If you haven't read Tiny Beautiful Things by Cheryl Strayed yet, please stop what you're doing and get it immediately. I dare you not to devour it. I also dare you not to cry at least twice while reading it.
I fell in love with Strayed's work when she was anonymously writing the Dear Sugar column for therumpus.net, a selection of which was republished as Tiny Beautiful Things. Then Oprah called. (Her. Not me. Yet.)
Last year, I took a one-day writing workshop with Cheryl and 100 other people. It was amazing. At one point, she was talking about uncertainty, about how to keep going when you don't know how, when you aren't sure of the outcome, about how to take that step when the deck is stacked against you: she said that you have to say a prayer to the god of doing it anyway.
You have to take a deep breath and go for it even though you have no idea how it will all turn out.
You have to find that teeny bit of faith so that you can take the very next step.
You have to do whatever it takes to start writing on the blank page or painting on the blank canvas. To hit publish on the very first blog post or put your pen down on the very first page of the blank sketchbook you've had for years.
I say a prayer to the gods of doing it anyway every single day. When I make an ask for a podcast interview, I hope that the person doesn't think I'm nuts. When I record the interview, I take a deep breath and hope that I don't have any awkward pauses or lost trains of thought. When I publish the episode, I hope that you all don't think I'm nuts and am wasting your time.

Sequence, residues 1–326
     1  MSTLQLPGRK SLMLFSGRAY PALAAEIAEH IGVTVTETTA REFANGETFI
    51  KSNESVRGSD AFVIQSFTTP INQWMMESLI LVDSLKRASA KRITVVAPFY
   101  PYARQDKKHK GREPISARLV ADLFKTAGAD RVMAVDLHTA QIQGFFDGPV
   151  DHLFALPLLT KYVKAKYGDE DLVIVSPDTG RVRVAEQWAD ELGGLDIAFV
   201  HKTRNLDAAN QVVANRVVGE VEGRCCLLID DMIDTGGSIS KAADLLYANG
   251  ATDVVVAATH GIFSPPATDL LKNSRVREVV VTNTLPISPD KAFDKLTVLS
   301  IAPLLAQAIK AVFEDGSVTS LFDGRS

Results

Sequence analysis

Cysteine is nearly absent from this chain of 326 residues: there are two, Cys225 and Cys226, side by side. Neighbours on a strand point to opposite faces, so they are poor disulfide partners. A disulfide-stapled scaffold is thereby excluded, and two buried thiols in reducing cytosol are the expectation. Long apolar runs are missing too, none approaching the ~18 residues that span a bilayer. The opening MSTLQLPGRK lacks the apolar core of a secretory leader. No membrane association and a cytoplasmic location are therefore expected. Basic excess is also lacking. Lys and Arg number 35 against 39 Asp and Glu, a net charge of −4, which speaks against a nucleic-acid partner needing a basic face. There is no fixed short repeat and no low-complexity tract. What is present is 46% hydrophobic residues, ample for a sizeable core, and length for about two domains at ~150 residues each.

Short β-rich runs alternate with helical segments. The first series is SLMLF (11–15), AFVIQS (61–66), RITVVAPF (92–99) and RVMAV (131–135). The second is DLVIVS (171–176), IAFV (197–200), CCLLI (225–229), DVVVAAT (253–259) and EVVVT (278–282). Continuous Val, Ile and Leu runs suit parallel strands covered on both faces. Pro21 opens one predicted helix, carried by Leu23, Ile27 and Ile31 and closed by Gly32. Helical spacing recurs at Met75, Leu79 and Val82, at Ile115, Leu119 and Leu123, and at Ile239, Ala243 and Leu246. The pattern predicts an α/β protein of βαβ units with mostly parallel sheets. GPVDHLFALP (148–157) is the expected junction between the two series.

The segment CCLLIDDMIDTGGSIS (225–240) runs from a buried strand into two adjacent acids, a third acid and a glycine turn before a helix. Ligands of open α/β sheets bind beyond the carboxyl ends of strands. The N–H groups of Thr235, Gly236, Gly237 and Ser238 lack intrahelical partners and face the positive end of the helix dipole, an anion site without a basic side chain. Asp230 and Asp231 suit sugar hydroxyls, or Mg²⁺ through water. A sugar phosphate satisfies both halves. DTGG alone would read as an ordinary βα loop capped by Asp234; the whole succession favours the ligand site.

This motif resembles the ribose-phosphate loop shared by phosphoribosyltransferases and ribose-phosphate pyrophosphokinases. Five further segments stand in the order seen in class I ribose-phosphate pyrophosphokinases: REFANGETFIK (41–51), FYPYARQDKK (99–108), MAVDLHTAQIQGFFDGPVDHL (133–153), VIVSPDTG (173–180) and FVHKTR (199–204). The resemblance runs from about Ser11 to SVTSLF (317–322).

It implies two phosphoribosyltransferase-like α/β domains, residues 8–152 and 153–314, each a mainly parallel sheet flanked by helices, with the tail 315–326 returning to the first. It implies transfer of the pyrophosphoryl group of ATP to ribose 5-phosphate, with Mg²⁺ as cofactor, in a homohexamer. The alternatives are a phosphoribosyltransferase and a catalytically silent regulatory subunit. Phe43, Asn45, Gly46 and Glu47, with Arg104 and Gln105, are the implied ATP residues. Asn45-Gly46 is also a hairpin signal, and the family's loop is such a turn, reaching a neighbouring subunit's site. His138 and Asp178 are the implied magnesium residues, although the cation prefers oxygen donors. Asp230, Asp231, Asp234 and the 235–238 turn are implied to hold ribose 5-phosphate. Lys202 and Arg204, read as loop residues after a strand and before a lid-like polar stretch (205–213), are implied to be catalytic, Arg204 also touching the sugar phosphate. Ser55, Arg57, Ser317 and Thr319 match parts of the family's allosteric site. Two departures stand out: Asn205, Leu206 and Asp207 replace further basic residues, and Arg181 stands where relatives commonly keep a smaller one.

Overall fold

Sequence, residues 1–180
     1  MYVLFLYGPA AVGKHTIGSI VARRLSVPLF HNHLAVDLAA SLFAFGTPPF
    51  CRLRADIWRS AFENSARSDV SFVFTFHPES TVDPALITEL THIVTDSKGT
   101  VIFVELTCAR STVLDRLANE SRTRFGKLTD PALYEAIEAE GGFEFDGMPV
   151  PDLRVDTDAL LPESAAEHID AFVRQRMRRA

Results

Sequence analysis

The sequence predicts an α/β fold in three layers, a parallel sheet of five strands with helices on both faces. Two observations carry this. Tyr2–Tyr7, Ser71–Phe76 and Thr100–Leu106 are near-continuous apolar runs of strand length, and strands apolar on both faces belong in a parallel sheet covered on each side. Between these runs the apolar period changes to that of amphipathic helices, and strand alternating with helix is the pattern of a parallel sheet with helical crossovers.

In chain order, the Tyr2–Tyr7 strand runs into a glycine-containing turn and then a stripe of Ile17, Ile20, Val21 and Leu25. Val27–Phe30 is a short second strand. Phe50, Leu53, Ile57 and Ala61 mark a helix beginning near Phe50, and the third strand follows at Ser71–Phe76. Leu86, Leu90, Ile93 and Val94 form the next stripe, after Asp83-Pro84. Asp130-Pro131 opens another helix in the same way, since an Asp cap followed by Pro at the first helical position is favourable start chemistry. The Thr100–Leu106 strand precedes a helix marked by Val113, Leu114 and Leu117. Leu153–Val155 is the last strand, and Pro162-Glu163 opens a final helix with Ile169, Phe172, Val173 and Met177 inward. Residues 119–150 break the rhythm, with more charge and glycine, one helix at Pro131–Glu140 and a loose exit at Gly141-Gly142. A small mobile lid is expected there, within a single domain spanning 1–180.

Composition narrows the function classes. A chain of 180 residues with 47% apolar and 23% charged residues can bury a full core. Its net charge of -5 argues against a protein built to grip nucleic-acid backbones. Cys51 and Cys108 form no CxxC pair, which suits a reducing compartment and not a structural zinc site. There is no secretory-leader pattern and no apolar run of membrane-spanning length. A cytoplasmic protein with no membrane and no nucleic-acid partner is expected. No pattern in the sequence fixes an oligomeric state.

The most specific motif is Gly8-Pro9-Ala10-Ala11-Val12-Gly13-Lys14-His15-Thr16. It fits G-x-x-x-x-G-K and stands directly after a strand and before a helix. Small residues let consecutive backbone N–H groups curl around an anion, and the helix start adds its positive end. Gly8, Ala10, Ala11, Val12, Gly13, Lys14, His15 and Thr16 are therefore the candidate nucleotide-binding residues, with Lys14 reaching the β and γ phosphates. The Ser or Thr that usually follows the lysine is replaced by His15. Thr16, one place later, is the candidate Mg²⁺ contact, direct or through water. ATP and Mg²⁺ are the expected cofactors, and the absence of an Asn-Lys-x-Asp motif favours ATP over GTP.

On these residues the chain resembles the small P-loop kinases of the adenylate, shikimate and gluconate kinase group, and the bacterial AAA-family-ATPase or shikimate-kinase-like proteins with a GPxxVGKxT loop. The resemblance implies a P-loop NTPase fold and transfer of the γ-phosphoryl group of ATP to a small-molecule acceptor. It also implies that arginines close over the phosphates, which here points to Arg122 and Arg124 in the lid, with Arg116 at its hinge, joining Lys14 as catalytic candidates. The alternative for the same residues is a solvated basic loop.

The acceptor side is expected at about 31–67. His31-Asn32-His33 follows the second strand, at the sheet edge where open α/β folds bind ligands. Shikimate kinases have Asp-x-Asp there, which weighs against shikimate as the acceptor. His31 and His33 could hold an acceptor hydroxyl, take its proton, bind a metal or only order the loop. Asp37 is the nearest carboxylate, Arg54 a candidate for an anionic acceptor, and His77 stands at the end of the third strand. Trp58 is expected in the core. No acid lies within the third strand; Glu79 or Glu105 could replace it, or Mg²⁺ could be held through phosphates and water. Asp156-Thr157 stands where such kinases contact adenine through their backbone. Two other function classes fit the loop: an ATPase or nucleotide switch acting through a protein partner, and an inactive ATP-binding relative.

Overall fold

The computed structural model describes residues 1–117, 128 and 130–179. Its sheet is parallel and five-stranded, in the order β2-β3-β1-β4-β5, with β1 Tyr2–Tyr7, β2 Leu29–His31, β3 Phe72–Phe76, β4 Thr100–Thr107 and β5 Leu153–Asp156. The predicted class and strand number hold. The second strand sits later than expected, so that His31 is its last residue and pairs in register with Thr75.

When I launched 100 Rejection Letters, a program that I invested all of my time, money, and energy into for months, I said a prayer to the gods of doing it anyway that it would work, that people would get excited about the project, that people would say yes to their own crazyfaith, to their own creative work, to committing to going all in and seeing what happened.
Both of those projects are going better than I ever could have imagined. And I'm still praying to the gods of doing it anyway.
You rarely ever feel ready to start. You have to start anyway. Before you feel ready. Before you have it all figured out. Before you know how the story or blog post or poem ends.
You will figure it out. You really will. And it will turn out better than you ever could have imagined.
Are you willing to give it a try, take a deep breath, say a prayer to the gods, and go? (I dare you.)
PS. Registration for 100 Rejection Letters closes today. There are a dozen bonus kits left. Get yours and let's go.
**graphic by Erin Cassidy for Tiffany Han Coaching